Migration & Security Research Team



Lilou is a French Master’s student in public policy and comparative politics at Sciences Po. As a feminist and dedicated advocate for asylum seekers and refugees, she hopes to promote an intersectional and inclusive approach to migration studies.



Iliana was born and raised in Mexico City. Currently she is a student of the Master in Human Rights and Humanitarian Action at Sciences Po. For her, migration and security implies guaranteeing the rights of people on the move without regards to the legal status in which they fall. It entails achieving safe migration –often hindered by a rhetoric of national security and sovereignty– by bridging the gaps between international legal obligations and its actual implementation through suitable public policies.


Originally from the Netherlands, Loïs is currently pursuing her Master’s degree in International Security at Sciences Po. To Loïs, migration does not equal insecurity, yet the securitized narrative thereof more than often implies so. She is driven to deconstruct the toxic portrayal of migrants, in particular of incoming asylum-seekers and refugees, to raise awareness of this very matter and strive for change and justice.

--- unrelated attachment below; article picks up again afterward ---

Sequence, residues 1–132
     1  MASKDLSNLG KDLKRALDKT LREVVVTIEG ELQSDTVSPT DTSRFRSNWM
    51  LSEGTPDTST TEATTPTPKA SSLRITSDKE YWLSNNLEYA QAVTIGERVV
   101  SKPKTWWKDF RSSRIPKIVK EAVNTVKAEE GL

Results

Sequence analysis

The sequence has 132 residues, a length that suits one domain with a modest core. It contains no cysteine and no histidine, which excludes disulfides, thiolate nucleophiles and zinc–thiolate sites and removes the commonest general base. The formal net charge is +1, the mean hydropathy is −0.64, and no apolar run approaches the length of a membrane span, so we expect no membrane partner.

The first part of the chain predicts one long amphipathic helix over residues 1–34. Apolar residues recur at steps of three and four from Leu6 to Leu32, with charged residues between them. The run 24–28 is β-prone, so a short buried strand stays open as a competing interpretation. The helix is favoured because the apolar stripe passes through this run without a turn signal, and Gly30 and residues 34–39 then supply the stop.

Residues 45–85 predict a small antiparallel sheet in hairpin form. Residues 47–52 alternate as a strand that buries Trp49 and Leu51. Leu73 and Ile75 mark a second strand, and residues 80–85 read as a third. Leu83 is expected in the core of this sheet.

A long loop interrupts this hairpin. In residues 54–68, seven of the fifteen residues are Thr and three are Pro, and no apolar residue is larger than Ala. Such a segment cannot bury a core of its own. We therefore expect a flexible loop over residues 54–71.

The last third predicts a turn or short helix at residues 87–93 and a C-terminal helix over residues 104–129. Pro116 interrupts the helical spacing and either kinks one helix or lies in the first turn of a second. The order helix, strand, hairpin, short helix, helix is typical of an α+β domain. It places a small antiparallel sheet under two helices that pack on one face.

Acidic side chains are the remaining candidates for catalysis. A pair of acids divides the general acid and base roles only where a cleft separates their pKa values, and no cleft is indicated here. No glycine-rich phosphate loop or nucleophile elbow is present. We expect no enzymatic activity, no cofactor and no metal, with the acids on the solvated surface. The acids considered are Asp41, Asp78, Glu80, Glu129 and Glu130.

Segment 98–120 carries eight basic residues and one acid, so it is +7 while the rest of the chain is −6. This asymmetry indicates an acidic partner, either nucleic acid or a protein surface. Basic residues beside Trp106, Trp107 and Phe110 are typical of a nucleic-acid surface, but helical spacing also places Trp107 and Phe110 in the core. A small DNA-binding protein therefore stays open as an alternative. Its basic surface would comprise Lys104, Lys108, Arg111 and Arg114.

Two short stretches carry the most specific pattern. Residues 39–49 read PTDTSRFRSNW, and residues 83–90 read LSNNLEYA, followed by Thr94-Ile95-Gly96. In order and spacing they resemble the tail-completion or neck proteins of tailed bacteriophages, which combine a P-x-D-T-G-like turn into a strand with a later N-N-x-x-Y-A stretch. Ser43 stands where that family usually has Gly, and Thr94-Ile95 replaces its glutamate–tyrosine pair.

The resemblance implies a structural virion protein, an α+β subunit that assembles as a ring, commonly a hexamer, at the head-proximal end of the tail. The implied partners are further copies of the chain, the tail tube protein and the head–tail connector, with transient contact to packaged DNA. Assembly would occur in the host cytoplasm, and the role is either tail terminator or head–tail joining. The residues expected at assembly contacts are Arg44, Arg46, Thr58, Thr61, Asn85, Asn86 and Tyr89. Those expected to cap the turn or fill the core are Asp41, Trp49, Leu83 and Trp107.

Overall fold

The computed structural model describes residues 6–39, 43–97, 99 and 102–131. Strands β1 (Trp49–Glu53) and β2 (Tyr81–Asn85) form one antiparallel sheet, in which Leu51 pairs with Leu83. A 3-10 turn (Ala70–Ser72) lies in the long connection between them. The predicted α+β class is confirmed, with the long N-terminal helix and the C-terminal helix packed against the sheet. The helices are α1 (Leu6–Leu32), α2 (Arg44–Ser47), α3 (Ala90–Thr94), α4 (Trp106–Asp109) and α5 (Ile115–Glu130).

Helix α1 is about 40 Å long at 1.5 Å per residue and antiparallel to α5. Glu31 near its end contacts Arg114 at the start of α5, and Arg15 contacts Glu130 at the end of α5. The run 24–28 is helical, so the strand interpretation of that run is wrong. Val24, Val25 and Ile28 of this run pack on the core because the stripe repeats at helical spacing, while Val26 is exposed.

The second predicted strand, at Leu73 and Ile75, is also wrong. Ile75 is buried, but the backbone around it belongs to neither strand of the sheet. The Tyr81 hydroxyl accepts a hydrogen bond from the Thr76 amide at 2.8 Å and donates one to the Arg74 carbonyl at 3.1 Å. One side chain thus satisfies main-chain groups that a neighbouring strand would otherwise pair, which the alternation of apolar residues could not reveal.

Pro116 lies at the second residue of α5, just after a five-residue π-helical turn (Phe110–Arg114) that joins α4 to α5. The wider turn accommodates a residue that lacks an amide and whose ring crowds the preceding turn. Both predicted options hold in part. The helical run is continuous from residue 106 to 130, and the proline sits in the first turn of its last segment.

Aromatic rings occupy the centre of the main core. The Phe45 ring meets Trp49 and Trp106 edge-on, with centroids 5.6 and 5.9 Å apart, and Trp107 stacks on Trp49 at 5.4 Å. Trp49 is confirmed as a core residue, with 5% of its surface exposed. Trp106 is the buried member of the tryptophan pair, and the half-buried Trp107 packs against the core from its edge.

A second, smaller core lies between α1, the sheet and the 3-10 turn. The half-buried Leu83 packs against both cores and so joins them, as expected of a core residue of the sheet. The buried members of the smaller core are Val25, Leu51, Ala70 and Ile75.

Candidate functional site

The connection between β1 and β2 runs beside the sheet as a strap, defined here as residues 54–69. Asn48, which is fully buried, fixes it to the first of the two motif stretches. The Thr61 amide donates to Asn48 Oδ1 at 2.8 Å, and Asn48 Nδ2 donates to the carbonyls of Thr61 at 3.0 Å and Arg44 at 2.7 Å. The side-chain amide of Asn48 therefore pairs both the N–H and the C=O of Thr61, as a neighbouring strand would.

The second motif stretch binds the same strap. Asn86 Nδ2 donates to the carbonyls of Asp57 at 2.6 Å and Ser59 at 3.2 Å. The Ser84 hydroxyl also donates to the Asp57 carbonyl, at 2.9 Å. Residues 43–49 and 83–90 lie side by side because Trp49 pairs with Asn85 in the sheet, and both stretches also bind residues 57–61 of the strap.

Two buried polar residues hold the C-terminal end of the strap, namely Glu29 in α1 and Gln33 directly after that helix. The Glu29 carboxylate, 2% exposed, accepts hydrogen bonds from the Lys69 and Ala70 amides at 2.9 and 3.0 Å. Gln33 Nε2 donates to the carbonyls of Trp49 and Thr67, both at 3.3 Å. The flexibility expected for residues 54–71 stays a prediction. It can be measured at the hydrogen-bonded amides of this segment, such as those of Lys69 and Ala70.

Mélissa is French-Algerian and currently a first year Master’s student in International Public Management. To her, focusing on ‘Migrations & Security’ is looking up at the way the current security and policy approaches towards migrants deny more and more their fundamental rights. That is why debating of migrations and security today is about insuring an effective application of the international legislation in this matter – out of nationalistic interests. It is also the need to draw a new perspective on these interlinked issues; to advocate for more inclusivity.


Silvana is from Verona, Italy ans she is now in her second year studying International Development at Sciences Po. Migration & Security is about upholding the human rights of people leaving their countries of origin for better opportunities or fleeing conflict, climate disasters and poverty, and about highlighting the social and economic opportunities of the exchange of cultures and human experiences.